New and innovative models for teaching and learning should be implemented and rigorously evaluated for their impact on student achievement. Effective school leadership and quality classroom teachers are critical to student success, and we need to continue to support the development and retention of quality educators. Changes in state assessments may make it more challenging to measure student progress and track the effectiveness of the K-12 education system, so it is important that stakeholders use a variety of methods to monitor student progress. By working together to discover the path to success for each and every student, educators and policy makers will ensure Arkansas students are ready for college and careers!

Take a look at the 2014 Report Card on Arkansas Public Schools and leave us a comment. Tell us your thoughts or suggestions for how we can continue to improve education for Arkansas students.

News From The Capitol: February 24, 2015

In AR Legislature on February 24, 2015 at 2:07 pm

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The House Committee on Education met this morning and heard bills on the use of virtual meeting attendance by school board members and on student expression of religious beliefs in public schools.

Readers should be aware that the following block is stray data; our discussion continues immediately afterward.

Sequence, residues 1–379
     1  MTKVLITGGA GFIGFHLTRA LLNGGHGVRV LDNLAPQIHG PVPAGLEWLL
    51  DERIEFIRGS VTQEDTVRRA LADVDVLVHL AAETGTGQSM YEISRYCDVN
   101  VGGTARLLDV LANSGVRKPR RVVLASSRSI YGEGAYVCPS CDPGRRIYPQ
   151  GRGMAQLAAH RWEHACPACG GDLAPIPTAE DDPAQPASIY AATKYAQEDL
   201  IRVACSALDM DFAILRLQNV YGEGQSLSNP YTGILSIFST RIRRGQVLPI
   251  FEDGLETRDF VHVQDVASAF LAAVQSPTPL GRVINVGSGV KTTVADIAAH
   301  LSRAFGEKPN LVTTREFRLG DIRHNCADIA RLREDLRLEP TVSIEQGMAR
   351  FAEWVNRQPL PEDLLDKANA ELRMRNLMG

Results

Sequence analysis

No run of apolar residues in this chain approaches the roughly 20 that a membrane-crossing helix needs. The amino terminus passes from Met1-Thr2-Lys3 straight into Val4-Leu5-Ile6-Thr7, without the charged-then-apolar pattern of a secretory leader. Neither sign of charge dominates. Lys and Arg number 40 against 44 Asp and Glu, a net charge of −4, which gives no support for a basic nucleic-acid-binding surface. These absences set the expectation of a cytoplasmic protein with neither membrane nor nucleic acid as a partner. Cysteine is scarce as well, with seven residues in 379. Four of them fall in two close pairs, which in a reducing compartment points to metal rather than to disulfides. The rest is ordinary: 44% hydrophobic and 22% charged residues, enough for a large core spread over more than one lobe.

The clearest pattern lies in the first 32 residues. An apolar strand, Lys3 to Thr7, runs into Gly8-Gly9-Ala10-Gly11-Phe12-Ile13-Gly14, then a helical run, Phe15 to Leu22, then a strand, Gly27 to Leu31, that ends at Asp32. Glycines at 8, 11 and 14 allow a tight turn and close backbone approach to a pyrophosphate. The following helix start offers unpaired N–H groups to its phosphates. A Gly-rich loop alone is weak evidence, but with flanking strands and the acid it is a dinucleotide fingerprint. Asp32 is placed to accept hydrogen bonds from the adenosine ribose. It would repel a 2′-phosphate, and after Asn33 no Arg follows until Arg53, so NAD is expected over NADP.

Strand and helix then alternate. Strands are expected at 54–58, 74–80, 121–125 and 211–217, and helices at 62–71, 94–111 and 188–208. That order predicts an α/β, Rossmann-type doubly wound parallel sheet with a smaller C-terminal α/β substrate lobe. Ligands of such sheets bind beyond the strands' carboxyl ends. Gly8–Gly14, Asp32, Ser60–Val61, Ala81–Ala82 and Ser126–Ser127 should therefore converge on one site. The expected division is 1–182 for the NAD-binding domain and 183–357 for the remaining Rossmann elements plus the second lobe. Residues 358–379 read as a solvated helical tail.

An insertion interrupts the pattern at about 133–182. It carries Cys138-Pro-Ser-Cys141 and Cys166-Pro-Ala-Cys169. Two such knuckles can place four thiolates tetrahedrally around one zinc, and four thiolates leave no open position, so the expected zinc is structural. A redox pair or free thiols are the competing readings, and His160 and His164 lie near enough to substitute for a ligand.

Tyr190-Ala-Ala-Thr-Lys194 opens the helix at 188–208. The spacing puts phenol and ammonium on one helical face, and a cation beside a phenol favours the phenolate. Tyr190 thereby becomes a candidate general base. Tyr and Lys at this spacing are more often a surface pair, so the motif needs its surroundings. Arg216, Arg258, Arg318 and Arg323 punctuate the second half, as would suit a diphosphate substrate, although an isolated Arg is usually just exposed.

School Board Meetings

Rep. Ron McNair presented HB 1419 that would allow school boards to adopt a meeting attendance policy permitting a member to participate remotely, to count towards a quorum, and to vote. McNair gave an example that a board may need to meet the week school starts to approve a hiring decision but lacks a quorum because members are out of town. Representatives expressed concern that the bill does not specify any limitations on how often a member can participate remotely, making a policy intended for exceptions to enable a new norm. McNair pulled the bill to make changes addressing committee members’ concerns.

Student Religious Expression

Rep. Justin Harris introduced HB 1273 that would create more uniformity in the way schools address issues of religious expression by students. Harris offered instances in which students have been prohibited from communicating their “deeply held religious beliefs” through homework assignments, art projects, jewelry or clothing. Harris said the bill is consistent with federal law and case law on student freedom of expression. After a lengthy discussion of the need for additional policy and the possibilities for unintended consequences, the bill failed.

Upcoming Meetings

The Senate Committee on Education meets on Wednesday and the House education committee meets again on Thursday. House and Senate sessions and committee meetings are streamed live and also recorded for later viewing. Follow the links on the home pages of the House of Representatives and the Senate.